When not flying, I cannot envision a better place to be than sitting under an umbrella, sun coming up, coffee and donuts within easy reach, and watching AirVenture wake up slowly in the coolness of an early morning. In the distance, the Ford Trimotor’s engines are belching and turning over. The relative calm is broken only by a few GA aircraft landing or departing, or the thunderous roar of a formation of T-6s gracefully climbing and banking their polished wings in the direction of Lake Winnebago. Delivery trucks, transmissions grinding, occasionally pass in front of me. Pilots and families at other tables smile and talk in low voices about their arrival experiences, how they spent the previous night, or formulate plans for the day ahead.
I am at a point in my life where there is no compelling need for me to buy stuff, but I want to walk through the Fly Market anyway. It would be a challenge to attempt to describe the Fly Market. Like Las Vegas, better to counsel others to walk through it and see for themselves. If you are a pilot or builder, often you can find exactly what you are looking for. To everyone else, it is a swap meet/garage sale; an outdoor museum; and sort of an open-air Walmart, offering everything from flight suits, aviation books, sunglasses, one of a kind aircraft parts, Ginsu knives, hand tools, massage chairs, aviation apparel, bed pillows, and cookware. Whatever you are looking for, you will likely find it there.
In 2020, EAA offered many virtual seminars and presentations to fill the void left by the Forums and Workshops remaining dark and empty. Online is fine, but it is not the same. No aviation celebrities on stage or sitting just a few feet away from you when you are participating only with your laptop from home. No arriving flight of F-22 Raptors in full afterburner to drown out any speaker’s voice. You can miss out by not being there.
Several years ago, I attended a talk on the Grumman A6 Intruder, the Navy’s primary attack aircraft until retired in 1997. I watched a gentleman come in and take a seat a few rows away from me. He had shoulder length, tied-back hair, and a long beard. He sported denim bib overalls and sandals. He could easily be mistaken for a member of the Smith Brothers of cough drop fame or, if holding a guitar, a member of the band ZZ Top. I surmised he was connected with a commune and probably sold dope out of the trunk of his car. He must have become lost and just wandered in.
The presenter, neat and trim, was a retired naval aviator who flew A6s off a carrier deck in Vietnam. About halfway through the presentation, the guy in the bib overalls raised his hand. He proceeded to stand up and advise that he was a Marine Corps pilot who flew A6s out of Da Nang. He wanted to correct a technical point the presenter made concerning the A6, as the presenter was apparently accurate when referring to the Navy’s aircraft, but inaccurate as it related to the Marine’s land-based ops. Once I recovered from the shock, I remembered something about not judging a book by its cover.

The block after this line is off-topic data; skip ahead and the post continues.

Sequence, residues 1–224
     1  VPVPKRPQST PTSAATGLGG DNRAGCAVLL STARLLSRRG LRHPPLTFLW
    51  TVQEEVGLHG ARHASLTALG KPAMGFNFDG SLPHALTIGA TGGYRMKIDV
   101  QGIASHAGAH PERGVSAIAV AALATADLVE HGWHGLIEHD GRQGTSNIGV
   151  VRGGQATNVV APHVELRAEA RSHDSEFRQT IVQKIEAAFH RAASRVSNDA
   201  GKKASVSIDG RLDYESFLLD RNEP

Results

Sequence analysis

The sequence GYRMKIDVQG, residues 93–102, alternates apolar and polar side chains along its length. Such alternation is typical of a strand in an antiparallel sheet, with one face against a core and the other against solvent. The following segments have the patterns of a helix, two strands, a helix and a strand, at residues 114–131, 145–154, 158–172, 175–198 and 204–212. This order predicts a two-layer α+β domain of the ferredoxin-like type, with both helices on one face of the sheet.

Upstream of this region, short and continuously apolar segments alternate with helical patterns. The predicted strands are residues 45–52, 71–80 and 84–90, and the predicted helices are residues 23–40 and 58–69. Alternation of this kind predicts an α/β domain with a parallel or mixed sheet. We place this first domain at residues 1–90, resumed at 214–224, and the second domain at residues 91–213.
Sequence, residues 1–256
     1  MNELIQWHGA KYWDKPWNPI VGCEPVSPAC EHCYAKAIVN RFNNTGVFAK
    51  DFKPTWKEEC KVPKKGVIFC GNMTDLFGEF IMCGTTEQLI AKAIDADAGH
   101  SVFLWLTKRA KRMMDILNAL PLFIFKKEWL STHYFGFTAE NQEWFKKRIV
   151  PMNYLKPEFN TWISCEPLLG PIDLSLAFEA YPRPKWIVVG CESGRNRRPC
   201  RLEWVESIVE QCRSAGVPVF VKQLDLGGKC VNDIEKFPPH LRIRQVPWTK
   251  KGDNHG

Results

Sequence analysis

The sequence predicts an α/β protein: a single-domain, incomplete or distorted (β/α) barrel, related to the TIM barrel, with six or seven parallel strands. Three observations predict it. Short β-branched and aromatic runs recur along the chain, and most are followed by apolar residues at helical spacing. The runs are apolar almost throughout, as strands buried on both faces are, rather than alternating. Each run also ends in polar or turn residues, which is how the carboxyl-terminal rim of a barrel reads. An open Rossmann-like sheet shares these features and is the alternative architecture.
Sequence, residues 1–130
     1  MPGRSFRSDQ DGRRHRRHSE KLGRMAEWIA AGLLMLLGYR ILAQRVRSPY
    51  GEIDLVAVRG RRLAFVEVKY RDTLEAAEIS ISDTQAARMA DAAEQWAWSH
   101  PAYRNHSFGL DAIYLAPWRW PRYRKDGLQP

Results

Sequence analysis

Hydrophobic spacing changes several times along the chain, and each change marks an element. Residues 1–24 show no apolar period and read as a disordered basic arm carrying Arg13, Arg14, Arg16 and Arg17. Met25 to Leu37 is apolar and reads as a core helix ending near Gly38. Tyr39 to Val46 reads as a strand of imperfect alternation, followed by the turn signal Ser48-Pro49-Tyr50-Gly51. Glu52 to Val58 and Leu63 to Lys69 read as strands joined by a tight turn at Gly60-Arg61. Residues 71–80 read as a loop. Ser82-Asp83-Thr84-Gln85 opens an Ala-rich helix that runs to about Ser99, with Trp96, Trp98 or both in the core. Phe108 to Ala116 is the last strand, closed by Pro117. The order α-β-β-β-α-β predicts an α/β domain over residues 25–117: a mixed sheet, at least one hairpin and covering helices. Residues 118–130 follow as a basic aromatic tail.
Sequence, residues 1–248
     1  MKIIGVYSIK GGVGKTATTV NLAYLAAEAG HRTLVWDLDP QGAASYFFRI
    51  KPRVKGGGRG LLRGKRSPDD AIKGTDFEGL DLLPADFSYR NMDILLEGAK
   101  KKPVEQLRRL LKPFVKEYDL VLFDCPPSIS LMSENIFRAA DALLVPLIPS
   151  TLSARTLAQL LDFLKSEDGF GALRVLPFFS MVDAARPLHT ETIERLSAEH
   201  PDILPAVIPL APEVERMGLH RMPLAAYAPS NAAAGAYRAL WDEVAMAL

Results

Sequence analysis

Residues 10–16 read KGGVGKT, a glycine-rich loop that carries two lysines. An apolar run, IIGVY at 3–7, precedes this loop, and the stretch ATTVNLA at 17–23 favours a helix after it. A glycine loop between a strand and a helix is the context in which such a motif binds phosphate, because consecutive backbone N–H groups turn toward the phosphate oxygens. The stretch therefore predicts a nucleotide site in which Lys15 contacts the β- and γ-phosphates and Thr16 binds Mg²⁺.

I missed taking the bus to the EAA Museum and the strangers you meet on the short commute. You can walk there, but it is easier to walk to the Bus Park and take the regularly scheduled transportation. Always lines, but everyone is courteous and happy. On the bus, it was not unusual to discover that the young couple in front of me flew in from North Carolina, the older couple behind me flew in from New Mexico, and the two young men sitting across the aisle, wide-eyed and excited, are from Brazil on their first trip to Oshkosh.
The Seaplane Base (96W), located on a photogenic bay on the west shore of Lake Winnebago south of Oshkosh, stood quiet and green and ready in 2020. The colorful Super Cubs, Cessnas, Lakes, de Havillands, and larger multiengine types, were not circling overhead or carving Winnebago’s placid waters last summer. They were elsewhere. The woods, always inviting for its shade, was silent, with only the faint humming of insects and the chirping birds who make their homes within. Out on the lake, a few motorboats in the distance pulled water skiers or returned from a morning’s fishing. If you went there, you found the moorings empty and the bay’s waters still.
There are ghosts who attend Oshkosh. Not scary phantoms. Not frightful spooks of disasters or mayhem, but good and endearing memories of pilots who once were and are no more. They may be a mom or a dad, a spouse, a brother, a daughter, or a good friend. If you look closely when you are on the AirVenture grounds, you can see their ethereal images sitting on a bench enjoying ice cream on a typical hot, humid Oshkosh afternoon. You can see them on the flight line, excited about being there, and proudly discussing the work and long hours they put in to build or restore their airplanes. You can see them at the Theater in the Woods enjoying the warm breeze in the company of friends while taking in the evening’s program. You can see them in Paul’s Woods, or Camp Scholler, or the North 40, relaxing on lawn chairs outside of their campers and tents, laughing and talking late into the dark and gentle night.
Some say that if you love airplanes, Oshkosh is airplane heaven.
I plan on returning to that heaven this year.